Right now, my role is a grandfather, an uncle, an Elder. I take that role seriously because I figure that through eighty years, I’ve gained some knowledge that might help someone else. And that’s why when I give a presentation to the students at NAU, I go back to what the reservation looked like when I was a kid. No paved roads. We had to deal with cutting wood. We dealt with having to go to the field to work. All these things are part of our life. By giving up the background of where we came from, hopefully, I can give them a picture of what we did during our time, and how, as the word resilience comes up, how we survived. Because among my Hopi people, there is a story as to why we live the way we do. And in that story, it’s been told that as long as we live Hopi, we’re going to be able to be successful in living on this earth. But don’t get lazy. Don’t expect somebody to do the work for you. If you want something done, do it yourself.

The four values that NAU set up really are Native values because that’s how our lives are set up for us to live by. First and foremost are our relationships. Among our people, we don’t just have nuclear family: mother, father, brothers, and sisters. We have an extended family; you’ve got your family that’s associated with your brothers and sisters; then you have clan family, brothers and sisters, fathers and mothers. On top of that, with me, my dad is Sun Clan, and I follow my mom’s side which is a Bear Clan. Well, all the clanship from my dad’s side become my aunts and uncles and that’s some more of the extended family. And then from the godfather to the godmother, another additional clanship shows up and they become a member of my family. What happens then is when things happen ceremonially, and socially, then my role is to support whatever takes place in those families. Why? Because I’m part of their family now, and vice versa.

What do you hope to achieve as a Native American Cultural Center (NACC) Elder?

When I was asked to join the Elders program, that to me was a great honor. First and foremost, being an NAU graduate, I thought, “Wow, I can give back to the university I was at.” And I feel that my role as an NAU Elder is to share my knowledge that I have of life, some of the obstacles I ran into, some of the things to be aware of, and maybe I can have an impact on students. As a principal, I go back to my career, and I keep track of the students that I’ve had under my wing, or I run into them in Flagstaff from the Kinsey school. They’re adults with families now. And out here, the students I had on the reservation, they’re all grown up with families. But I keep track of them. As I see them accomplish something, I’ll write them a little note, say, “Hey, you did it, congratulations.” My role is to be supportive of all the students that we come in contact with or anything that NAU would like me to do, and if I can have some type of influence on a person’s life, then I’m going to be very happy with that. Because maybe down the road, that person may come back, say, “Oh, by the way, I’ve got my doctorate now,” or, “I’ve got this, I’m now working at this.” And then I’ll turn around, say, “Hey, man, you did it. Congratulations, I knew you could.”

Snow-covered Peaks rise up beyond a Ponderosa forest.

What challenges are facing Indigenous students?

The challenge is trying to balance between Native life and outside life, especially if you grew up on, and have never really been off of, the reservation. It’s a huge challenge because they’re going into a whole different world, where the competition is sometimes very fierce, especially when they get into school or into working jobs. Sometimes competition can be demoralizing for people, especially if they don’t have the confidence. The other side is that with the advancement of our computers, the digital age, all this also has today’s students thinking very differently from what we thought when we were kids. In the olden days, you know, we’d sit around the table, and we’d talk as a family. And I don’t see too much of that happening in a modern-day family. You know, if anything I miss right now, is my folks because that’s who I spent time with. Even when they got older, I would just go down to the house and visit and sit and talk.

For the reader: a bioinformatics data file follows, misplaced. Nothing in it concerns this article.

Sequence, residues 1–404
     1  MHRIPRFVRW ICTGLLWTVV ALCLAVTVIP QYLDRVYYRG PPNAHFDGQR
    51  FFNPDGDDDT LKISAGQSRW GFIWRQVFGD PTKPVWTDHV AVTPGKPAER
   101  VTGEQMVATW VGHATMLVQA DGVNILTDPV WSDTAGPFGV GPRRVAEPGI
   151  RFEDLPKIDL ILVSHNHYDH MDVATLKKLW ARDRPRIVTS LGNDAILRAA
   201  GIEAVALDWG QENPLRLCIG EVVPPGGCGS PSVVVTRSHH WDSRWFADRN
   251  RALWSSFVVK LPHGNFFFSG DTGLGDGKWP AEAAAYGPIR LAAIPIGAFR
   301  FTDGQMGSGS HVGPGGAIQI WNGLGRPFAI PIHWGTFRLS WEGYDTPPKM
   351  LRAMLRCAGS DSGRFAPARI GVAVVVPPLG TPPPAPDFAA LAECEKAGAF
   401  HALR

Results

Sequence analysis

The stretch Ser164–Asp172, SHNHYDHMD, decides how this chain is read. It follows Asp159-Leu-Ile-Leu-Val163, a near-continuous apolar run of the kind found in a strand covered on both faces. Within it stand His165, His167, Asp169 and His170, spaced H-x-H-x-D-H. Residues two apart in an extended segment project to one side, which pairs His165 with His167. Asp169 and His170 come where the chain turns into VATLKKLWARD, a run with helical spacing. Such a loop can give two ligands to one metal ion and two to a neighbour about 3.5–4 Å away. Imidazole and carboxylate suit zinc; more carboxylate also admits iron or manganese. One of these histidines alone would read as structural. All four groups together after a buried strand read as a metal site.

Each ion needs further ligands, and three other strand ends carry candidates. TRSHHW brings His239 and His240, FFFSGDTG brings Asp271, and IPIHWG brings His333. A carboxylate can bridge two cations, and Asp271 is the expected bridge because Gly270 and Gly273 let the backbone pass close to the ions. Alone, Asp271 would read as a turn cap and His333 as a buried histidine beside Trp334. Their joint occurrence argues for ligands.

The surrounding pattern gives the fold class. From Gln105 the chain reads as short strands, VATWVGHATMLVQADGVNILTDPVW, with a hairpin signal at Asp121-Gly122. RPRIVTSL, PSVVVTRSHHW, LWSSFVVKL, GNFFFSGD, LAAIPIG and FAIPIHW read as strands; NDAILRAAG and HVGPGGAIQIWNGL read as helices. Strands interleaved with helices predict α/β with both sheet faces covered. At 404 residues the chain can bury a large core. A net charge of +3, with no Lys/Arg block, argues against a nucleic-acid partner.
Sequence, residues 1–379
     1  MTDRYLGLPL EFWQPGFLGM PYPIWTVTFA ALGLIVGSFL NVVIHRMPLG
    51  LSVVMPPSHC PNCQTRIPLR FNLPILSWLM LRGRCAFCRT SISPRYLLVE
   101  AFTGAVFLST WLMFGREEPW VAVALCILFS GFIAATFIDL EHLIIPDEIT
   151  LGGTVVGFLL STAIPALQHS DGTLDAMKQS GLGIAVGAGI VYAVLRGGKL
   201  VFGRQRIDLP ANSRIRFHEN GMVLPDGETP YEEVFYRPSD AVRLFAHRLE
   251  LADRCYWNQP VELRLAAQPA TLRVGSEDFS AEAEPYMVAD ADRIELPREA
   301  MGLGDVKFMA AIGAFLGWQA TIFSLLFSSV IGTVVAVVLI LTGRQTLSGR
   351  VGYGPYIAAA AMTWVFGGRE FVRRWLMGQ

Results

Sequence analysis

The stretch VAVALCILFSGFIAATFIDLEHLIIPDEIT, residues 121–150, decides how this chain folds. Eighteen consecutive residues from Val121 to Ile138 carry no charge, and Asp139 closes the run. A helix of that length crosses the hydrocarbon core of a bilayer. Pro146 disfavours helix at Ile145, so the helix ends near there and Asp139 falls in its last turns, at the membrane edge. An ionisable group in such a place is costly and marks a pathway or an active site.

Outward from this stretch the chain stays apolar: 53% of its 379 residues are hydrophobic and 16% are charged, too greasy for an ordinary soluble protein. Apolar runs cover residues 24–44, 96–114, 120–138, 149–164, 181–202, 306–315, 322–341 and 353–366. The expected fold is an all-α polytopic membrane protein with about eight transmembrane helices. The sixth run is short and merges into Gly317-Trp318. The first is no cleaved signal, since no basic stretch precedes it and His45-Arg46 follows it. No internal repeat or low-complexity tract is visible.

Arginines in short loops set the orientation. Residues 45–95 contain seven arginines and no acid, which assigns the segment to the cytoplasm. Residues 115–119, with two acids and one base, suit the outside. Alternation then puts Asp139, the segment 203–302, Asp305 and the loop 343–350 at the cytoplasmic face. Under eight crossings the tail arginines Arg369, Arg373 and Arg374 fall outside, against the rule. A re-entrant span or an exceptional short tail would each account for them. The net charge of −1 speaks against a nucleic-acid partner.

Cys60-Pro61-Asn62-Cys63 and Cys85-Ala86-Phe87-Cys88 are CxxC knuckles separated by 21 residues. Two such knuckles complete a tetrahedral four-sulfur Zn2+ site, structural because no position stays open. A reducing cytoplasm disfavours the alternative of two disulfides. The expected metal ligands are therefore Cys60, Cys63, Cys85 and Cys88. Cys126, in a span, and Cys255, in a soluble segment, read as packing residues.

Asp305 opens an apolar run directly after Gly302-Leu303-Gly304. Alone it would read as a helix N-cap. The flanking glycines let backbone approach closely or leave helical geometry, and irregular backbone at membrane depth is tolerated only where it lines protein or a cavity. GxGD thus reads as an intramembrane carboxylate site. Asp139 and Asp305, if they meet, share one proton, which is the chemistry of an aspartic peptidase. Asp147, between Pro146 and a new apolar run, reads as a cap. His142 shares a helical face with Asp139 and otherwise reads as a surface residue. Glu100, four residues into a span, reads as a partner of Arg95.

Something that there needs to be, we call them talking circles. There should be time for talking circles just to throw out some feelings, and there should be no judgment on whatever they throw out because it’s real to the person who’s throwing that issue out. Maybe somebody in that talking circle has somehow also run the same thing but also has an answer on how they were able to face the problem. I think that at NAU if there can be more movement toward that, I think that would really help us.

Why is the NAU land acknowledgement important for the university? 

My simple answer is because this is Indian Country. For me, for Hopis, we will tell you that the San Francisco Peak region and this whole area really is Hopi lands. If you go back to the Hopi history, we are the only Tribe in the United States who have never moved from this part of the country. We never were placed anywhere else. We were sent here by our Maker. The lands we sit on we were allowed to use by our maker. On Hopi, we don’t own private lands. We can use the land and we need to take care of it. But in the end, it belongs to the Maker. This acknowledgement verifies that Native people have been here in this country, in this area.

You look at our history of the United States, Native people were here before anyone else ever came to this country. But you also look at the history and say, you know, how come Natives didn’t fight who came here? Well, in the beginning, we welcomed the pilgrims in open arms because that’s what we were told to do. You go to the history of the Pilgrims, and the Pilgrims could have died if it wasn’t for the Native people to feed them, show them how to plant corn, and whatever. At least here in Arizona, that acknowledgement showed up finally. It took a lot of time, but it finally got here and at all three universities. I am so proud of them because they finally put it into writing and officially recognize it that way.

Please provide ways you are inspiring cultural stewardship.